The Wettest County in the World

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The Wettest County in the World: A Novel Based on a True Story
AuthorMatt Bondurant
CountryUnited States
GenreHistorical novel, Crime novel
Publication date
October 14, 2008
Media typePrint (Hardback & Paperback)
Pages320 pp (hardback edition)
ISBN1-4165-6139-0 (hardback edition)

The Wettest County in the World is a 2008 historical novel by Matt Bondurant, an American writer who features his grandfather Jack and grand-uncles Forrest and Howard as the main characters in the novel.

The book tells of the trio during the Depression and Prohibition in rural Virginia, who made a living bootlegging moonshine. The novel is told from both the perspectives of the three Bondurant brothers, mainly focusing on the youngest, Jack, and of the writer Sherwood Anderson, who described Franklin County in that period as the "wettest county in the world" while working there as a journalist during Prohibition.[1] The film Lawless (2012), directed by John Hillcoat, is based on the book with a screenplay by Nick Cave.


The novel, inspired by the author's paternal grandfather Jack and two grand-uncles, Forrest and Howard,[1] focuses on the historical events of the Great Franklin County Moonshine Conspiracy, a series of events and a trial related to the illegal activities of the moonshiners in Franklin County.[2] Sherwood Anderson was there working as a journalist at the time. To research the historical period, Bondurant listened to family stories and used archival records, news clippings and court transcripts.[3] Locals began to think of the three brothers as "indestructible" because all of them survived.

In an essay, Bondurant said that he had illegal moonshine from Franklin County, despite having been raised in Alexandria, Virginia, a suburb of Washington, D.C.. As a teenager, he first drank moonshine, and he knows his relatives in Franklin County drank moonshine at family events. Bondurant said he had difficulty getting information from people in Franklin when researching the novel. The illegal liquor-making in the county is a topic not often broached in public. He says that "you could spend years [in Franklin County] and never see [moonshine drinking], even as it is all around you."[4]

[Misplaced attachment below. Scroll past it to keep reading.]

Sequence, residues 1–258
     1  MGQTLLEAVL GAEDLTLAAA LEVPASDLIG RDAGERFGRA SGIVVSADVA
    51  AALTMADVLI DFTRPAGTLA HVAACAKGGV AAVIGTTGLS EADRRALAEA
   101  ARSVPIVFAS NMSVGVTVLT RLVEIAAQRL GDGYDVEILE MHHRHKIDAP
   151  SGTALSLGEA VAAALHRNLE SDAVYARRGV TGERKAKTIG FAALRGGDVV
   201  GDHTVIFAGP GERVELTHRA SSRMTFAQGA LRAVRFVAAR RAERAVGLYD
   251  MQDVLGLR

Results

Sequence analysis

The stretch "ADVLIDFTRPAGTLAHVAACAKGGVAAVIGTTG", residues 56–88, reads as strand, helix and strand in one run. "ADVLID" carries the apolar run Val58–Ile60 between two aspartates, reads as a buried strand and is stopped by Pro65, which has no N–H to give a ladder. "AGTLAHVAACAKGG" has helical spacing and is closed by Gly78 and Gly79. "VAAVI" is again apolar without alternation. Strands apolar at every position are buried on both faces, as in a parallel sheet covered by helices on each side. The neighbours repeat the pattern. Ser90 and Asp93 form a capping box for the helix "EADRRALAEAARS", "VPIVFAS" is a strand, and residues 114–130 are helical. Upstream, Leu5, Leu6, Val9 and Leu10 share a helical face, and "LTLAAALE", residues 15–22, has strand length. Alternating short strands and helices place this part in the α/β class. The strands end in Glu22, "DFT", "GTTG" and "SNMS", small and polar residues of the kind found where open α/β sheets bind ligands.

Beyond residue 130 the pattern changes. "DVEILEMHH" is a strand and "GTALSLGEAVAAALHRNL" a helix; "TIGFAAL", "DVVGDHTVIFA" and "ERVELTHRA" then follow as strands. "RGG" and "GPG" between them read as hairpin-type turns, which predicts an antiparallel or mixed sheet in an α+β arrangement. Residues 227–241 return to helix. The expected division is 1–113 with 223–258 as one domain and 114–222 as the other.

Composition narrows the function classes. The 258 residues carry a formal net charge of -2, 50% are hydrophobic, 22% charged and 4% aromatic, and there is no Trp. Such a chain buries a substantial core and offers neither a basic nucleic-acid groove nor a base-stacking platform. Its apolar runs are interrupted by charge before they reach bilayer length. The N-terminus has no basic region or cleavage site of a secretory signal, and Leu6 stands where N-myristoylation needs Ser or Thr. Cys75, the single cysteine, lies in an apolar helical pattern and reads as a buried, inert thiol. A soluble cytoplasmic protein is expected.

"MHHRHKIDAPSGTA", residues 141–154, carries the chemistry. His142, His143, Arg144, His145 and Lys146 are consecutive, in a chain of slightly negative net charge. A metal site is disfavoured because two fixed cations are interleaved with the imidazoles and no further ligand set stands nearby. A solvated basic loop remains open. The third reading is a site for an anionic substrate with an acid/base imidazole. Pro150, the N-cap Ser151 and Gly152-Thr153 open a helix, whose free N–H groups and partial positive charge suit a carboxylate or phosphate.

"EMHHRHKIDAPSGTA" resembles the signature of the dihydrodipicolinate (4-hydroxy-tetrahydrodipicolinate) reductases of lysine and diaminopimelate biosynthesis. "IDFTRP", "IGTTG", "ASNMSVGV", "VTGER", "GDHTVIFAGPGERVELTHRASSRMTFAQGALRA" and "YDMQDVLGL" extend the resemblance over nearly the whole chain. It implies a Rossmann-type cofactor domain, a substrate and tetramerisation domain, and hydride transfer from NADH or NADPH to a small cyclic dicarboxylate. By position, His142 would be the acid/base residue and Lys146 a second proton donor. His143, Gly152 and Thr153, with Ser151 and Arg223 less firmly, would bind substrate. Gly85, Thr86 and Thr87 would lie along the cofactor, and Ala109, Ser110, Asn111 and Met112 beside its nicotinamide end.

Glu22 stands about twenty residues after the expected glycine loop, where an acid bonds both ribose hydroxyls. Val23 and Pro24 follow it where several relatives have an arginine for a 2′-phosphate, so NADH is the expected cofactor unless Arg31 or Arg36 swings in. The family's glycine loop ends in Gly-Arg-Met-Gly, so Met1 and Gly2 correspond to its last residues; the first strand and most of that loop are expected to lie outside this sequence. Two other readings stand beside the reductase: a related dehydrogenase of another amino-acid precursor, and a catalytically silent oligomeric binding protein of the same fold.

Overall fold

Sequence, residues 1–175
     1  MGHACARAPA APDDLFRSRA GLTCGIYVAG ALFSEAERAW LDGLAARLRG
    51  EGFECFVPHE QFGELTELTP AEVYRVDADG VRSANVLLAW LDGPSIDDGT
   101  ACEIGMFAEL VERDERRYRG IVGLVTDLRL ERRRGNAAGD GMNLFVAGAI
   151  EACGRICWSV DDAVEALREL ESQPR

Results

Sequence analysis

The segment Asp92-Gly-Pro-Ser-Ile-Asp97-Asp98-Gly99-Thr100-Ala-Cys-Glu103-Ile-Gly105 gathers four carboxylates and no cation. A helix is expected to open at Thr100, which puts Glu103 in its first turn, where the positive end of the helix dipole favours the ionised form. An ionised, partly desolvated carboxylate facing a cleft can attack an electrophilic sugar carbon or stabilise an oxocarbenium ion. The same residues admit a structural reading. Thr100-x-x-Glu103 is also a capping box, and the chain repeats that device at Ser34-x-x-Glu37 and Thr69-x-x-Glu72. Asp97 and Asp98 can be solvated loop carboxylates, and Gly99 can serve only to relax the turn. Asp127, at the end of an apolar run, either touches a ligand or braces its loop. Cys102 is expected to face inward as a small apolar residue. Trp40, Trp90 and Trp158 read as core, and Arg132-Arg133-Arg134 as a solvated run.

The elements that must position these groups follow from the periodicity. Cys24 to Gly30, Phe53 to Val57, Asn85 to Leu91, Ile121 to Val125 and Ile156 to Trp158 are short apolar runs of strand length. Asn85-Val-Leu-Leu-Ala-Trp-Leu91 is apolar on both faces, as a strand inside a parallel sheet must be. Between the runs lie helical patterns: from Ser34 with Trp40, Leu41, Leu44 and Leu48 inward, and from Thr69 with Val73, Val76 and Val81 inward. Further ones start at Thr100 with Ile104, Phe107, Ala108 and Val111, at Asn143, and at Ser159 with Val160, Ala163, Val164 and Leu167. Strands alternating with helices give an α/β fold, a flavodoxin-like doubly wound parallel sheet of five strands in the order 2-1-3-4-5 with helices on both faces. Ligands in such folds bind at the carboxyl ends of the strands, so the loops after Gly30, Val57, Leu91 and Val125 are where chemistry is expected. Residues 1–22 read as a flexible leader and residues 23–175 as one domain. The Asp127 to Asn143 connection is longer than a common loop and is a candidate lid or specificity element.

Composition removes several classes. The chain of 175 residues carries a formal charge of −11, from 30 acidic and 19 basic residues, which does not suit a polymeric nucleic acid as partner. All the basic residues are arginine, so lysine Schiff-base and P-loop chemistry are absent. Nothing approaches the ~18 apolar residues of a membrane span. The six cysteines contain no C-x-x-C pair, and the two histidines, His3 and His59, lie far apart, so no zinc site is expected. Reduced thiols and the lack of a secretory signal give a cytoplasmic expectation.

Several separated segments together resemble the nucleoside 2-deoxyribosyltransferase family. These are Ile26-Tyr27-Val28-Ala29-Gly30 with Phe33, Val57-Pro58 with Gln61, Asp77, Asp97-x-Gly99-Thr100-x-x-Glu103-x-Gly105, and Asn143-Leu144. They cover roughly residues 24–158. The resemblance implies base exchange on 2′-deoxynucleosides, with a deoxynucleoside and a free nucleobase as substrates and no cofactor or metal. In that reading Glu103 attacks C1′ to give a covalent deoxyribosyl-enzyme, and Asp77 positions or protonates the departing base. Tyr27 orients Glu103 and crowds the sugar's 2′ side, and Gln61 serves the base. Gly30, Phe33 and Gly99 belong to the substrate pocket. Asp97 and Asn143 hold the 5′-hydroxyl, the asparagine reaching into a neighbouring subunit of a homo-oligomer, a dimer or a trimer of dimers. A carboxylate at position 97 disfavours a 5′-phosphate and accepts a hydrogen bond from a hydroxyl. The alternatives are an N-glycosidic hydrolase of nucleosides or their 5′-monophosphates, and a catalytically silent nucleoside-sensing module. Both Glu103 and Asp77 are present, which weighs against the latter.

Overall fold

The New York Times Book Review emphasized that the lyrical and lively style of the novel is in service to extremely grotesque subject matter with detail that "can leave a reader queasy."[5] Similarly, Lauren Bufferd at warned readers that the novel is "extremely graphic, with multiple descriptions of physical injury, brutality and sadistic behavior."[3]

The novel takes place on two different story lines: the first follows the Bondurant brothers during the 1920s and 1930s, while the second takes place in 1934 as Sherwood Anderson writes about their feats. The New York Times book reviewer, Louisa Thomas, suggests that this juxtaposition of chronologies works well in some situations but not in others, causing unnecessary complication for the reader.[5]


In The New York Times Book Review, Louisa Thomas noted that the "prose is lyrical" but had mixed feelings about the use of a broken narration as the fictional reporter Anderson investigates the "Bondurant boys".[5] Ann H. Fisher of Library Journal called the book "a cracklingly good novel, with plenty of action and local color." She also noted that the book should be included in "regional collections" in Virginia.[1] Reviewing the audiobook edition of the novel for Library Journal, Scott R. DiMarco called the story a "gripping, hauntingly told tale" and recommended that libraries purchase the audiobook.[6]

Film adaptation[edit]

The novel was optioned in 2006, but the project's initial financing was lost in early 2010. The project was revived later that year. A film adaptation of the book, entitled Lawless and directed by John Hillcoat, was released on 31 August 2012. The film stars Shia LaBeouf, Tom Hardy, and Jason Clarke as the three Bondurant brothers.[7] Also in the film are Gary Oldman, Guy Pearce, Jessica Chastain, and Mia Wasikowska. The screenplay was written by Nick Cave, who earlier wrote the screenplay for Hillcoat's The Proposition (2005).


  1. ^ a b c Fisher, Ann H. (July 1, 2008). "The Wettest Country in the World [Review]". Library Journal. 133 (12): 58.
  2. ^ Berrier Jr., Ralph (October 25, 2008). "Franklin County Gothic". The Roanoke Times. Archived from the original on April 20, 2010. Retrieved December 21, 2011. CS1 maint: discouraged parameter (link)
  3. ^ a b Bufferd, Lauren (October 2008). "Moonshine Brings Misery to Virginia". Retrieved December 20, 2011. CS1 maint: discouraged parameter (link)
  4. ^ Bondurant, Matt. "The Wettest County in the World". Powell's Books. Archived from the original (Original Essays) on April 24, 2012. Retrieved December 20, 2011. CS1 maint: discouraged parameter (link)
  5. ^ a b c Thomas, Louisa (November 7, 2008). "Home Brew". NY Times. Retrieved December 20, 2011. CS1 maint: discouraged parameter (link)
  6. ^ DiMarco, Scott R. (January 1, 2009). "The Wettest County in the World [Review]". Library Journal. 134 (1): 45.
  7. ^ Kroll, Justin (January 25, 2011). "New denizen for 'Wettest County'". Daily Variety. 310 (17): 12.